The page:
Monday, February 10, 2020

Lessons For the Democratic Party From Latin America

Five years ago, I wrote an op-ed for Global Americans about the lessons Chile could offer the Venezuelan opposition for winning elections. Rereading it, I am struck by how it applies to the Democratic Party in the United States this year. Here were the takeaways:

1. Agree on a coalition leader.
2. Explain why the coalition excludes extremism.
3. Avoid personal attacks.

In the U.S., #1 refers to backing whoever becomes candidate, even if that person does not align perfectly with your policy preferences. This bedeviled the Venezuelan opposition back when winning elections was actually a possibility.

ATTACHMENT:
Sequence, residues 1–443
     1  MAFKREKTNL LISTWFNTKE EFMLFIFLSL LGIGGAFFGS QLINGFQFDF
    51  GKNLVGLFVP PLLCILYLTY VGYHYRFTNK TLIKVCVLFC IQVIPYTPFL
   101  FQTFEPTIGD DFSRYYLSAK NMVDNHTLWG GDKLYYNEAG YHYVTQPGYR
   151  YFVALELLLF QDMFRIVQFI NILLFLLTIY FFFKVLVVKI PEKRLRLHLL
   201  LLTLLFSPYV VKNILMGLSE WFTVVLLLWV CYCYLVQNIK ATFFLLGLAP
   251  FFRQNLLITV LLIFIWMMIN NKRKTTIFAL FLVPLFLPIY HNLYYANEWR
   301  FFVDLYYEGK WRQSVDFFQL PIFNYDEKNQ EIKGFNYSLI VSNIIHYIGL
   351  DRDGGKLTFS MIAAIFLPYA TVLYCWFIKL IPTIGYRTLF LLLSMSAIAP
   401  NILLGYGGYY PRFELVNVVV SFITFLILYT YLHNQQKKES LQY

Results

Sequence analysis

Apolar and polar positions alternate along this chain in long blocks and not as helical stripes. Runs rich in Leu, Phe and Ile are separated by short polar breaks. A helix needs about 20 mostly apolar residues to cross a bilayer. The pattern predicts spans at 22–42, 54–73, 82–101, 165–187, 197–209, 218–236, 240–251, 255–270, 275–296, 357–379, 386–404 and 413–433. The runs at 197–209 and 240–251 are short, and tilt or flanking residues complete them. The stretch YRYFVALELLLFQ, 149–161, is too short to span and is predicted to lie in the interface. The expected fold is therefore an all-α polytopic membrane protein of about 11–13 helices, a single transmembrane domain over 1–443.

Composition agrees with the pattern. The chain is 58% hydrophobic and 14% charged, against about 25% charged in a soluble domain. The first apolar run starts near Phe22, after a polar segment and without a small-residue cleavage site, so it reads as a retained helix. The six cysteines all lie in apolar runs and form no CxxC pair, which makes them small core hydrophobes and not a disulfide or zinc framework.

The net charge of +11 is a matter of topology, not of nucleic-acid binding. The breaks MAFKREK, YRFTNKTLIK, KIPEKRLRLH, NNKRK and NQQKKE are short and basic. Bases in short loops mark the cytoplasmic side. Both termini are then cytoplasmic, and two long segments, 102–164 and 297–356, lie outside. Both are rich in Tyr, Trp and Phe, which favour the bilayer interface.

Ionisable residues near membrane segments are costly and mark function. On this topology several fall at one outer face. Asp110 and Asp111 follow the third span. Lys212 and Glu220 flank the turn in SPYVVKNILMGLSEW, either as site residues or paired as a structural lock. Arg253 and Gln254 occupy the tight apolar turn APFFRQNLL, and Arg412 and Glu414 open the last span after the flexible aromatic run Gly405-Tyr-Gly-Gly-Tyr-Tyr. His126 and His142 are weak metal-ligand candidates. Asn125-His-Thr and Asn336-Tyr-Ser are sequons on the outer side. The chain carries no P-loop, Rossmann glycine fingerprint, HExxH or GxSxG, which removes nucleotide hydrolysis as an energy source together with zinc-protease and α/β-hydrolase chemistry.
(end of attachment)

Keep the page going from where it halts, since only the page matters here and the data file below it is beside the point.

Now, #2 does not pertain quite so much to the U.S. because even Bernie Sanders' ideas are not radical compared to socialists in plenty of other countries. The Chileans excluded the Communists, and that just isn't relevant here. It might actually be more about explaining how your policies aren't actually as extreme as portrayed.

Finally, #3 gets to the fact that criticizing the incumbent better not get in the way of presenting a coherent and positive vision. The Chilean case sounds familiar:

The campaign to unseat Pinochet focused on the promise of a more positive future and incorporated criticism of human rights abuses into that theme. The tone of the campaign was mature, measured and optimistic. That stood in contrast to the dictatorship’s insistence that a “No” vote was the same as voting for communism.
Michelle Obama famously said the party should "go high." The idea is to stick to your message, not theirs, and that message needs to be inclusive.


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